On March 18, 2014, all but one of the Defendants who had been served - namely, Albert Prack, Superintendent William A. Lee, Burnett, Lieutenant Orazio Bucolo, Sergeant Kevin OConnor, Huttle, Erns, Goehl, and Michael Mills - filed this motion to dismiss the Complaint pursuant to Rule 12(b)(6). (Docket No. 24). On May 6, 2014, Jacobsen filed a separate Answer to the Complaint (Docket No. 41), and the Moving Defendants filed a reply memorandum of law indicating that one additional Defendant, Corrections Officer Natasha Trembath, had been served and joined in the motion seeking dismissal. (Defs.' Reply Mem. 1 n.1). As Blalock indicates that he has abandoned his claims against Mills and Bucolo (Pl.s Mem. Oppn Defs.' Mot. To Dismiss (Docket No. 34) ("Pl's Mem.") 25, 34), the Court will therefore evaluate the motion to dismiss as it relates to the remaining Moving Defendants.
In evaluating a motion to dismiss pursuant to 12(b)(6), the Court must accept all facts set forth in the complaint as true and draw all reasonable inferences in the plaintiffs favor. See, e.g., Burch v. Pioneer Credit Recovery, Inc., 551 F.3d 122, 124 (2d Cir. 2008). A claim will survive a 12(b)(6) motion, however, only if the plaintiff alleges facts sufficient "to state a claim for relief that is plausible on its face." Bell Atlantic Corp. v. Twombly, 550 U.S. 544, 570 (2007). A claim is facially plausible "when the plaintiff pleads factual content that allows the court to draw the reasonable inference that the defendant is liable for the misconduct alleged." Ashcroft v. Iqbal, 556 U.S. 662, 678 (2009) (citing Twombly, 550 U.S. at 556). A plaintiff must show "more than a sheer possibility that a defendant acted unlawfully, " id., and cannot rely on mere "labels or conclusions" to support a claim. Twombly, 550 U.S. at 555. If the plaintiffs pleadings "have not nudged [his or her] claims across the line from conceivable to plausible, [the] complaint must be dismissed." Id. at 570.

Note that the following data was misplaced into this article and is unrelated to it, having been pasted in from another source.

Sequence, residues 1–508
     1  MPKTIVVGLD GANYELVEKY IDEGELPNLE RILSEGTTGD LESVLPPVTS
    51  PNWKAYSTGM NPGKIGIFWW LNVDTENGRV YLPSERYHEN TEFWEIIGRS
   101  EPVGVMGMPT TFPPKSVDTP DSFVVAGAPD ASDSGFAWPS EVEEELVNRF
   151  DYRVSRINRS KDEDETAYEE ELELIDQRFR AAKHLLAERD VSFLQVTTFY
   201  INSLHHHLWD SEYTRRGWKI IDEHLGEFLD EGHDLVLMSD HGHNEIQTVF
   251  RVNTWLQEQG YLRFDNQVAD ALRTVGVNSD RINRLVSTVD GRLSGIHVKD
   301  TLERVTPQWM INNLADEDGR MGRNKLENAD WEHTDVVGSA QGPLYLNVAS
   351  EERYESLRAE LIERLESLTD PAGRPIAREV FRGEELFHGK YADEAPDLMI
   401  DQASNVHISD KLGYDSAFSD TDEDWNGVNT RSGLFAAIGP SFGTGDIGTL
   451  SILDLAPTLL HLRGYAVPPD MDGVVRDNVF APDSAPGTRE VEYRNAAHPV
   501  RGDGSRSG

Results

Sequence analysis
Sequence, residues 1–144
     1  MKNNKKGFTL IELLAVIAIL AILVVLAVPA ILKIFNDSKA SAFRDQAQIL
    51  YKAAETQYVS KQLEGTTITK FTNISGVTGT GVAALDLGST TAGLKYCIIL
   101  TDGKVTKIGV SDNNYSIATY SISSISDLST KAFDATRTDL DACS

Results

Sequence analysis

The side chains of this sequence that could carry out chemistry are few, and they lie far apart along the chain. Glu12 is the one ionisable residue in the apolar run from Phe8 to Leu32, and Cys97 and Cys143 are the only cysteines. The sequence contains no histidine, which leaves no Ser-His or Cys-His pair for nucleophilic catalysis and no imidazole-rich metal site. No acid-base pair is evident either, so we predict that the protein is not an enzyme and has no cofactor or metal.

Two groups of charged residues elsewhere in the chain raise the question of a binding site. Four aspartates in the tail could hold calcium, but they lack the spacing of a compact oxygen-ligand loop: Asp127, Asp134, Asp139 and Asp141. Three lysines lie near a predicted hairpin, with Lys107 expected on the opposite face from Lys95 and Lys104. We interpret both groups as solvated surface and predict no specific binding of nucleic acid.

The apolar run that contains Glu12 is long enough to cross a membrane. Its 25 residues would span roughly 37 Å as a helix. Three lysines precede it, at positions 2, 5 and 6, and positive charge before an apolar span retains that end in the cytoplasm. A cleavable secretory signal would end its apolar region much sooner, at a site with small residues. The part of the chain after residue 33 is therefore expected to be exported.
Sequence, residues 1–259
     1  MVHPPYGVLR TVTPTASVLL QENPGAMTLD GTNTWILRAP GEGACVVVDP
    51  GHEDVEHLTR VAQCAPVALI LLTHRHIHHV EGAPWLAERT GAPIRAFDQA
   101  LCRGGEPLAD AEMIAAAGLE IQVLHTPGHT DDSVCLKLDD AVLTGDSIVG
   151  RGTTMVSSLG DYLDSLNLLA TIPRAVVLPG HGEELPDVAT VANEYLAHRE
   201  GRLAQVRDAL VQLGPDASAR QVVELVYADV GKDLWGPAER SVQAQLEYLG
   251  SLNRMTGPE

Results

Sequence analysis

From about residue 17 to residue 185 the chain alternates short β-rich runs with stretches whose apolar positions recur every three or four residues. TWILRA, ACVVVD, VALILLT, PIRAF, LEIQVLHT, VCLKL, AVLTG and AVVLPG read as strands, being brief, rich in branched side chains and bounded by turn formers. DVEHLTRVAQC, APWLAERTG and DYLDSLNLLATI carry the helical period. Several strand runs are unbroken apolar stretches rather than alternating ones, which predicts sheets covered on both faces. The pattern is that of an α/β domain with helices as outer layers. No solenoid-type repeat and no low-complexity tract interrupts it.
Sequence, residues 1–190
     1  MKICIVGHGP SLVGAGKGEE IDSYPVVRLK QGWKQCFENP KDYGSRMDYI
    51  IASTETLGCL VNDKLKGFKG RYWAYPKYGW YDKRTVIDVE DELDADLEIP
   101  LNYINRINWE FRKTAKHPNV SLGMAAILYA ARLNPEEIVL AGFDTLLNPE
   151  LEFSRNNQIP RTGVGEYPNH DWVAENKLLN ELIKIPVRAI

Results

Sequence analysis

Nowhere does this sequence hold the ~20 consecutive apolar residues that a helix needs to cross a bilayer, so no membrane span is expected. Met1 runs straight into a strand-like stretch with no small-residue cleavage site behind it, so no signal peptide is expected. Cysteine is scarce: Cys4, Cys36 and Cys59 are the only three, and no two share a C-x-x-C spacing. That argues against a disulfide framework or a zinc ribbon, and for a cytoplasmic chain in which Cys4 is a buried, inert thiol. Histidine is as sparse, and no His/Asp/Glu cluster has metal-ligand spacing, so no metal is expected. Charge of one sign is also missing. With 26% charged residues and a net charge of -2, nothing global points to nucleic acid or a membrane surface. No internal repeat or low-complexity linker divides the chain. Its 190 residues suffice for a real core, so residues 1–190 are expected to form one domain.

Because Blalock is proceeding pro se, his Complaint "must be held to less stringent standards than formal pleadings drafted by lawyers." Erickson v. Pardus, 551 U.S. 89, 94 (2007) (quoting Estelle v. Gamble, 429 U.S. 97, 106 (1976)). Nonetheless, a pro se litigant must still state a plausible claim for relief. See, e.g., Walker v. Schult, 717 F.3d 119, 124 (2d Cir. 2013). Thus, the Courts "duty to liberally construe a plaintiffs complaint [is not] the equivalent of a duty to re-write it." Geldzahler v. N.Y. Med. Coll., ...